The anti-anti-Communist point of view about the Cold War was discredited, but for the publishers ofThe Nation, the impulse to wave the old red flag is still strong. That often leads them, as well as some other sectors of the left such as the New York Times, to pretend as if backing the totalitarian, genocidal, and anti-Semitic regime that ruled Moscow was an innocent romantic phase that all true liberals went through. But as bad as that deplorable tradition might be, the decision of The Nation to publish material about Communist espionage as if the Venona Files had never been published is nothing short of bizarre.

Like their counterparts on the far-right fringe, the Nation left also ignores evidence, even though it has demonstrated beyond any reasonable doubt that White was indeed a Soviet agent. For those who doubt this, one has only to look at the scrupulous investigation of the evidence by Haynes and Klehr, which you can find at Washington Decoded.   

Few can match the precise and careful attention to evidence that both reveal. Reading their dissection of the evidence, it amounts to irrefutable proof that White was a Soviet spy. Why, they ask, do seemingly intelligent people ignore the facts? They believe that it is not because they are dishonest, but because “we are dealing with intellectual ‘true believers,’ ideological zealots who are mentally incapable of accepting or processing information that undermines their historical world view.” (Klehr and Haynes have also written about those on the right who ignore evidence and make assertions that new evidence refutes, and who continue to make arguments that have been disproved.)

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Is there an apt comparison to be made between Julius and Ethel Rosenberg, who went to their deaths in Sing Sing prison’s electric chair in 1953 for “conspiracy to commit espionage,” and Private First Class Bradley Manning, who was convicted on July 30 of 17 of 22 charges of espionage and theft?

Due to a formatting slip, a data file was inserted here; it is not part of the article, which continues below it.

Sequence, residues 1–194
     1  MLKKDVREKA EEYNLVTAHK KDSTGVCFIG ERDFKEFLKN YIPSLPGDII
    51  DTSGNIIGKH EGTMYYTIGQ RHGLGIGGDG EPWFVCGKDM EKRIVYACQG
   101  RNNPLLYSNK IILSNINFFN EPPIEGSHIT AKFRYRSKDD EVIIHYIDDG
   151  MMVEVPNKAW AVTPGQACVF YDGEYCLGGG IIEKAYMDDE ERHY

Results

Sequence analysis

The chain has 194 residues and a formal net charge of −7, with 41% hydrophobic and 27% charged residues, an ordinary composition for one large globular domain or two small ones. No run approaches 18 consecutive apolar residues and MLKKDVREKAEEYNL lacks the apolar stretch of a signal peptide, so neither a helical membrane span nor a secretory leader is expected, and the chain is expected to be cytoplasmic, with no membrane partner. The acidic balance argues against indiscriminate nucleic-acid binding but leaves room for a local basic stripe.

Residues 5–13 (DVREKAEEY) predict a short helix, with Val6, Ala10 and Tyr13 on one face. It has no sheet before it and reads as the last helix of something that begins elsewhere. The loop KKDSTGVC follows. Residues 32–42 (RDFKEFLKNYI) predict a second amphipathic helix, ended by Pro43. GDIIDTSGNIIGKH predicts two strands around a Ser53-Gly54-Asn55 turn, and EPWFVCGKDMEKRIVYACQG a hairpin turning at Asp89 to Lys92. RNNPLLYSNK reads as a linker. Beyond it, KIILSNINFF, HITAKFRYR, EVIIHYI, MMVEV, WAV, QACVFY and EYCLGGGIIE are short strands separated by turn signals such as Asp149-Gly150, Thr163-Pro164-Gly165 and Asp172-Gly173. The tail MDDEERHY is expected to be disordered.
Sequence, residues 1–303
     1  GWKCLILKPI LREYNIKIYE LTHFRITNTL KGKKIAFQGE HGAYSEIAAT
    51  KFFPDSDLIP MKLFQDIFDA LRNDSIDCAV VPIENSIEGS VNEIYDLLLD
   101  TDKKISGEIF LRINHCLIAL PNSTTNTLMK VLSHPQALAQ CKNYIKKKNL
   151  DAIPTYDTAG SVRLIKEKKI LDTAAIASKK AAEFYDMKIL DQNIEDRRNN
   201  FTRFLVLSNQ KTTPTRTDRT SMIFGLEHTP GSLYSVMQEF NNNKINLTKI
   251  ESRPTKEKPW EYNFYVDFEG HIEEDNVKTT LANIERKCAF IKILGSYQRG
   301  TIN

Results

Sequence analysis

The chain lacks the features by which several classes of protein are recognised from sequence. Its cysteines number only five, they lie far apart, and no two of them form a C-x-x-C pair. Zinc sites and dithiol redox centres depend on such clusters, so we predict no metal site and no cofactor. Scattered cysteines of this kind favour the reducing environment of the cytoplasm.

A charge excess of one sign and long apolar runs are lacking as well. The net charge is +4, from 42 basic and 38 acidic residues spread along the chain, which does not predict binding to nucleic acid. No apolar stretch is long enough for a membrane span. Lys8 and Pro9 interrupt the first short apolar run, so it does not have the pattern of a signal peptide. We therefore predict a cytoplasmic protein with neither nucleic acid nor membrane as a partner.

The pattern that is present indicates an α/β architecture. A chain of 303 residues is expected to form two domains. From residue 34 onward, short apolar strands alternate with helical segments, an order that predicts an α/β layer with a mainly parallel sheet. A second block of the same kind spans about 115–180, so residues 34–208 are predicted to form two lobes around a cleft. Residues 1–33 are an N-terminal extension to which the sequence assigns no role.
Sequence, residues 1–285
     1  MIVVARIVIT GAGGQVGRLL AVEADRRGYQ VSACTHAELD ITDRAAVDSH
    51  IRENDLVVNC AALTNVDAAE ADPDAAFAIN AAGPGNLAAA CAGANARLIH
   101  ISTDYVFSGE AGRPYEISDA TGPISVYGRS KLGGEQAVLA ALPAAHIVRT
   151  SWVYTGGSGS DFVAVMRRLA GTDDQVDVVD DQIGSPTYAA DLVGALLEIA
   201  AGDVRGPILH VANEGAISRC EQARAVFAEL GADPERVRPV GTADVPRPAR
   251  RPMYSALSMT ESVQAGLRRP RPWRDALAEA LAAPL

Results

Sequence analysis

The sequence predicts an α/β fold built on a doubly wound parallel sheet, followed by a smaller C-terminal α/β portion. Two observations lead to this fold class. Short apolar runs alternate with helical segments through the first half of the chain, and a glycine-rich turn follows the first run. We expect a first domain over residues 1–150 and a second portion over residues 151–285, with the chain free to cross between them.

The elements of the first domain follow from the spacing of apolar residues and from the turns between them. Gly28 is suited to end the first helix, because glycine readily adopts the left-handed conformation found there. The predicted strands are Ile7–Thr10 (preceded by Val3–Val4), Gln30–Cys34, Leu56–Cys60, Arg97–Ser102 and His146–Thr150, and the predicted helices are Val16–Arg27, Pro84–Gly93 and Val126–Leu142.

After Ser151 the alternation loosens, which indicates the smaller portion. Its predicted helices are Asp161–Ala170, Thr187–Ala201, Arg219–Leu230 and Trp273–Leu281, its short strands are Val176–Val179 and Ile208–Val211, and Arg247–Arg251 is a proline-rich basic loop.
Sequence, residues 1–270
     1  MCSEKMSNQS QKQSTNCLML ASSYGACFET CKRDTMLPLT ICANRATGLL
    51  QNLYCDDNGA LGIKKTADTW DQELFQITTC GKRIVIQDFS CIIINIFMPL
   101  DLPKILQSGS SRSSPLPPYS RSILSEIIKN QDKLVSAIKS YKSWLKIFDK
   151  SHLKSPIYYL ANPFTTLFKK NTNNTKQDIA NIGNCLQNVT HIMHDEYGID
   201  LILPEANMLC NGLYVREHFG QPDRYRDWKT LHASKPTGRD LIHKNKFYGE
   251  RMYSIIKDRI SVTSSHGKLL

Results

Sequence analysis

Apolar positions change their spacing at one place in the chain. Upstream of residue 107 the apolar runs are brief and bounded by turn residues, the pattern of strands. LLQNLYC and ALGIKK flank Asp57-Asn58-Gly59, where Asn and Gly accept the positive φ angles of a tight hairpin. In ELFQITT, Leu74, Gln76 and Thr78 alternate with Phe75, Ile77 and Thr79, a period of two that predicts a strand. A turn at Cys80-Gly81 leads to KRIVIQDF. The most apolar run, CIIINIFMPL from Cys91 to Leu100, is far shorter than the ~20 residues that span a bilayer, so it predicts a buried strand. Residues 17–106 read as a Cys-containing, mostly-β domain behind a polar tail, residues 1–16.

Most people would immediately say “yes.” Writing in the Los Angeles Times, the Rosenbergs’ youngest son, Robert Meeropol, says of Manning: “I feel a kinship for him.”

The Rosenbergs provided military and atomic information to the Soviet Union of Joseph Stalin, both during the years of World War II and in the days of the early Cold War; Manning violated his oath to the United States when he gave classified secrets to Julian Assange’s Wikileaks. Both Manning and the Rosenbergs endangered American national security out of a misguided belief that they were serving the higher interests of humanity. The Rosenbergs believed that the world working class, whose interests were protected by the Soviet Union, deserved any military secrets they desired. Manning believes that there should be no secrets, and hence any data he had access to rightfully should be told to one and all.

If we excused people who betray their country out of a delusional belief that they are doing so for a higher cause than patriotism to their own nation, then our nation would truly be in mortal danger from our enemies. Robert Meeropol doesn’t see it that way. The logic he shows in his op-ed is actually quite revealing. While the prosecutors claim that Manning was guilty of “espionage, theft and other unsavory terms,” Meeropol believes that “what Manning really did was reveal the truth of our government’s action to the American people and the world.”

He goes on to draw his analogy between the fate of his parents and that of Manning. After cknowledging that his father and co-defendant Morton Sobell “did provide valuable military information to the Soviet Union during the 1940s” — to my knowledge an acknowledgment he has never made before — Meeropol then argues incorrectly that his parents’ espionage network did not provide atomic information. Also, the experience of his parents’ trial, sentencing, and execution has led him to believe that “citizens must know what the government is doing in their name.”

Meeropol begrudges those who think “Manning is a traitor.” As he sees it, the convicted soldier only “released classified material that embarrassed the U.S. government” and might “put us at a disadvantage when dealing with other nations.” Nothing significant, evidently — just like what his father gave to the Soviets, though valuable, did not deserve a death sentence or even a conviction.